A Baltimore judge has acquitted the man accused of killing 16-year-old Phylicia Barnes in 2010, bringing an end to a high-profile case that spanned three trials.
Circuit Judge Charles J. Peters said the state's circumstantial case against Michael Maurice Johnson, the last person known to have seen the North Carolina honors student alive, came up short, and that the state had failed to establish a motive.
"The bottom line is that there are far, far too many questions left unanswered … for any fact-finder to find him guilty beyond a reasonable doubt," Peters said in his ruling.
Johnson, 34, spent about three years in jail, and at his first trial in 2013 was convicted by a jury. That verdict was overturned, and he has been free since his second case was thrown out in 2015.
After Friday's ruling was read, Johnson hugged his defense attorney, assistant public defender Katy O'Donnell, who tearfully kissed him on the cheek.
"We have at all times asserted Michael Johnson's complete innocence," O'Donnell said outside the courthouse. "We grieve for the Barnes family and this tragedy, but convicting an innocent man is not justice for Phylicia Barnes. … We hope that one day, what really happened to Phylicia Barnes will be discovered and her family will get the peace they deserve."
Johnson left court without commenting, climbing into a waiting vehicle with a cellphone pressed to his ear.
Barnes' father was not present when the ruling was read and could not immediately be reached for comment.
City prosecutors fought hard for a conviction, re-indicting Johnson after a previous judge threw out the case in 2015. They appealed the case to the state's highest court and prevailed, sending Johnson to a third trial that reached the same result.
Friday's ruling cannot be appealed.
"We never wavered in our pursuit of justice for the Barnes family and the innocent child that tragically lost her life," State's Attorney Marilyn Mosby said in a statement. "We believed, based in the evidence presented to us, that we were pursuing the individual responsible for her murder, but the justice system has run its course and we must now respect the court's decision."
In hearing arguments before his ruling, Peters repeatedly questioned prosecutors about their theory of the case. There was no direct evidence tying Johnson to the teen's death, but prosecutors have maintained that circumstantial evidence all pointed to Johnson, who dated Barnes' older half-sister Deena.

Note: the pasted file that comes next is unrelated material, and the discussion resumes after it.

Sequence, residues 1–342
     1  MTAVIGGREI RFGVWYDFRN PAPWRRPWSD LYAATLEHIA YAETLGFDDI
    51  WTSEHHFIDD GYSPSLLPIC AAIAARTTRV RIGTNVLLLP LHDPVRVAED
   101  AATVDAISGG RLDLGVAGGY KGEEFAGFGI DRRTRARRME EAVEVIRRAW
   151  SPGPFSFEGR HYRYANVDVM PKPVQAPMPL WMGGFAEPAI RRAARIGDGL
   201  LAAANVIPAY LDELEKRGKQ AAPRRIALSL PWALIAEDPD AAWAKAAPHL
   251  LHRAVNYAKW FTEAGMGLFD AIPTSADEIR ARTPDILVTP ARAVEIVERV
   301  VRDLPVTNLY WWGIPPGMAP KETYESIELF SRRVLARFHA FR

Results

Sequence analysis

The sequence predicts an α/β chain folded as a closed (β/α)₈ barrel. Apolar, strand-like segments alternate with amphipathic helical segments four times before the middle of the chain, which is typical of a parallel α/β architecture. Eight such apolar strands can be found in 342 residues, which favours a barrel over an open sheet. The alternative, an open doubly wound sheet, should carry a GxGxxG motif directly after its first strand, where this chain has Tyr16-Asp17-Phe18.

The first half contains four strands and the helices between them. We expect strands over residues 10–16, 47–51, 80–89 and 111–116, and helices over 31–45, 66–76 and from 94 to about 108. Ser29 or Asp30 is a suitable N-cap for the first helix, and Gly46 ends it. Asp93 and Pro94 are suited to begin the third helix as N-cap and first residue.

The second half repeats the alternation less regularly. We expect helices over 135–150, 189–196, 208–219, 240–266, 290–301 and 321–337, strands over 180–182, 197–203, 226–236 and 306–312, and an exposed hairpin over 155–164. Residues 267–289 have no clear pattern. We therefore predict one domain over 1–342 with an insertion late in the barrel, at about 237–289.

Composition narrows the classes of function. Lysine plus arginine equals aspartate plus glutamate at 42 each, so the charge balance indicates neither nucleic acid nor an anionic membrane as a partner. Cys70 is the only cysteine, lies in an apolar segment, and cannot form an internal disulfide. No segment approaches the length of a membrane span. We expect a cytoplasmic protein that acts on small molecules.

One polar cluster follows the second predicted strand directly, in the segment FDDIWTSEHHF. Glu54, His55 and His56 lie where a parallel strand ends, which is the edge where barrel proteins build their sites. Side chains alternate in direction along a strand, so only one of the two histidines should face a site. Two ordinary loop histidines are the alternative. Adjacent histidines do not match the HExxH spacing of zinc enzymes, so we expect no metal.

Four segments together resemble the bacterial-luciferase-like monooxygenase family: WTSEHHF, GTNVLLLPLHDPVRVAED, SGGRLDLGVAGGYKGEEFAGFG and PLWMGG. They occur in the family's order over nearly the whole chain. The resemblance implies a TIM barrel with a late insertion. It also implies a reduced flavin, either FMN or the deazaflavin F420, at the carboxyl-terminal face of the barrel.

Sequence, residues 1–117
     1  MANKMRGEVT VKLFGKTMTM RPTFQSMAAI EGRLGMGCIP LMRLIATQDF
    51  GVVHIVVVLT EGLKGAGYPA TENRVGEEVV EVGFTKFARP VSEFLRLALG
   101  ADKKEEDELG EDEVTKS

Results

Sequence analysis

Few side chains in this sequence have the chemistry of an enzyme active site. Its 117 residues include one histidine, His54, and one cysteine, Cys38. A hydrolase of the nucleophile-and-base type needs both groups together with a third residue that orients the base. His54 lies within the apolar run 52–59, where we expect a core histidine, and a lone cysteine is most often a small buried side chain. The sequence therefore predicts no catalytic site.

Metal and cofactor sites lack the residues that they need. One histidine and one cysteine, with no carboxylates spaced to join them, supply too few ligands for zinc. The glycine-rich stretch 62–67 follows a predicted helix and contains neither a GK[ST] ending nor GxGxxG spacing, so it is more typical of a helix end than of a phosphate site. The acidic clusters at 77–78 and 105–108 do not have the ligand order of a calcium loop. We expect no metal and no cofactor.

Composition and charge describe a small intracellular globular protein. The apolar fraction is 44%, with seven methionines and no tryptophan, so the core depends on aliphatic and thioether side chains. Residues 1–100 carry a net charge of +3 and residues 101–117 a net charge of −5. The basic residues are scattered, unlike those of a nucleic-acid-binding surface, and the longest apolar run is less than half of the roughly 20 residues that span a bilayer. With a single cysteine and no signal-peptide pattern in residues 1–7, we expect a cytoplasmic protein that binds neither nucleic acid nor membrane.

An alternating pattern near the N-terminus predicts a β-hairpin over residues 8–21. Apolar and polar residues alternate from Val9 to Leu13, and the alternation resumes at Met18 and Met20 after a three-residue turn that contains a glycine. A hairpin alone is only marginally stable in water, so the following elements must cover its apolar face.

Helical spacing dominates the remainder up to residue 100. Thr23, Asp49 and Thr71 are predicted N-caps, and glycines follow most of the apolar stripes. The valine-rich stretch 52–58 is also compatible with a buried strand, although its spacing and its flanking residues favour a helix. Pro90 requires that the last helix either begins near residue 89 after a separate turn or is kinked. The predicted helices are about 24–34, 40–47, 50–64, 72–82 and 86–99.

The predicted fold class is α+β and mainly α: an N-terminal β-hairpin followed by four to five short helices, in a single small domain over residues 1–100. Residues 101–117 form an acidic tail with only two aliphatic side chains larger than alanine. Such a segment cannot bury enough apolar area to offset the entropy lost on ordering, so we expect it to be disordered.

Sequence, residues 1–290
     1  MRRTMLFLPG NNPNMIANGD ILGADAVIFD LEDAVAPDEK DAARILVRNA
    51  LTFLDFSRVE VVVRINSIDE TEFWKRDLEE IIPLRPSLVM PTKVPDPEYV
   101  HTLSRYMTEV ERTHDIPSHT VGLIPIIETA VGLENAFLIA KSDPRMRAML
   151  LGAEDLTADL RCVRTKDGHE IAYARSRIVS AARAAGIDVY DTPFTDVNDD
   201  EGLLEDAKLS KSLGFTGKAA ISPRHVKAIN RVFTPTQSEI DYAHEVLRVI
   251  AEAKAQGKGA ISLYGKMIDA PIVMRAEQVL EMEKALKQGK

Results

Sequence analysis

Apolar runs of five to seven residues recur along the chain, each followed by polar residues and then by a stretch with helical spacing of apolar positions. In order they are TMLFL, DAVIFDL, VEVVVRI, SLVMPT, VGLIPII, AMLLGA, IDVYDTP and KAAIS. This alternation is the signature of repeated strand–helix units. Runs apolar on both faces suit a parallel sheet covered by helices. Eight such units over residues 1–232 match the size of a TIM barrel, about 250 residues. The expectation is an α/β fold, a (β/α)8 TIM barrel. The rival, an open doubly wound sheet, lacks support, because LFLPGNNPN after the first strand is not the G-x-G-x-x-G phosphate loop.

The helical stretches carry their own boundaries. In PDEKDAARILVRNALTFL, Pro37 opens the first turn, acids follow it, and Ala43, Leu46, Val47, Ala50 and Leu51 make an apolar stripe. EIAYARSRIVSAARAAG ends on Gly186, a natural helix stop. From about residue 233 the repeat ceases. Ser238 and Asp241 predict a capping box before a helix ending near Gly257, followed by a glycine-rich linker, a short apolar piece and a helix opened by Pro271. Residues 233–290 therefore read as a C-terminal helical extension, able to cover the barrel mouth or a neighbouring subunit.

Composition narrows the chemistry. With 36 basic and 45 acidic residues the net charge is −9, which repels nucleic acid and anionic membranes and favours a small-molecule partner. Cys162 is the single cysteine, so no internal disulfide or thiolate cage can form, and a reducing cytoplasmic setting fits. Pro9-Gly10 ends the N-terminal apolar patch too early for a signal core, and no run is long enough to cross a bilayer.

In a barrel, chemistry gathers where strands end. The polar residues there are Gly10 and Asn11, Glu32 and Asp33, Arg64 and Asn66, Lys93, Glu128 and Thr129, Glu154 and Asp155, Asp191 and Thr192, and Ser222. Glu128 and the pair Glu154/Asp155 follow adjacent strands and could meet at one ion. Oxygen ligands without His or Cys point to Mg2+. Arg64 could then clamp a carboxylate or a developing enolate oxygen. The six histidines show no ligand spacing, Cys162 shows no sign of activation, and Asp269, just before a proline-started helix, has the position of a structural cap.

Authorities theorized that Johnson developed an obsession with Barnes, pointing to 1,200 text messages sent by the then-26-year-old and the teen between each other in the six months prior to her death. In June of that year, a "sex tape" was filmed in which Johnson, Deena Barnes, Phylicia Barnes and Johnson's younger brother engaged in "naked touching." Johnson that same night tried to touch Phylicia, who swatted his hand away, prosecutors said.
There were no sexually explicit or suggestive messages exchanged between Johnson and Barnes; O'Donnell said none could even be construed as flirtatious. Prosecutors countered that he was "grooming" her and careful with his words.
Peters took a dim view of that evidence of Johnson's motive.
"You're telling me he's obsessed with her," he said. "He sees her two times in 11 days" before she went missing, he said.
Assistant State's Attorney Michael Dunty countered that both times, Johnson saw the girl when no one else was around.
In his ruling, Peters said the "obsession theory is simply not established."
Prosecutors contended that Johnson waited for a moment alone with the girl, then strangled or suffocated her in a Northwest Baltimore apartment on Dec. 28, 2010. His cellphone was turned off during the period when the murder allegedly occurred, and he had called out of work.
"Lil sis is up and active," Johnson texted Deena Barnes the afternoon of the girl's disappearance.
Phylicia's nude body was found four months later, floating in the Susquehanna River. Authorities charted Johnson's movements using towers his cellphone connected with, which never place him anywhere near Harford County or the river.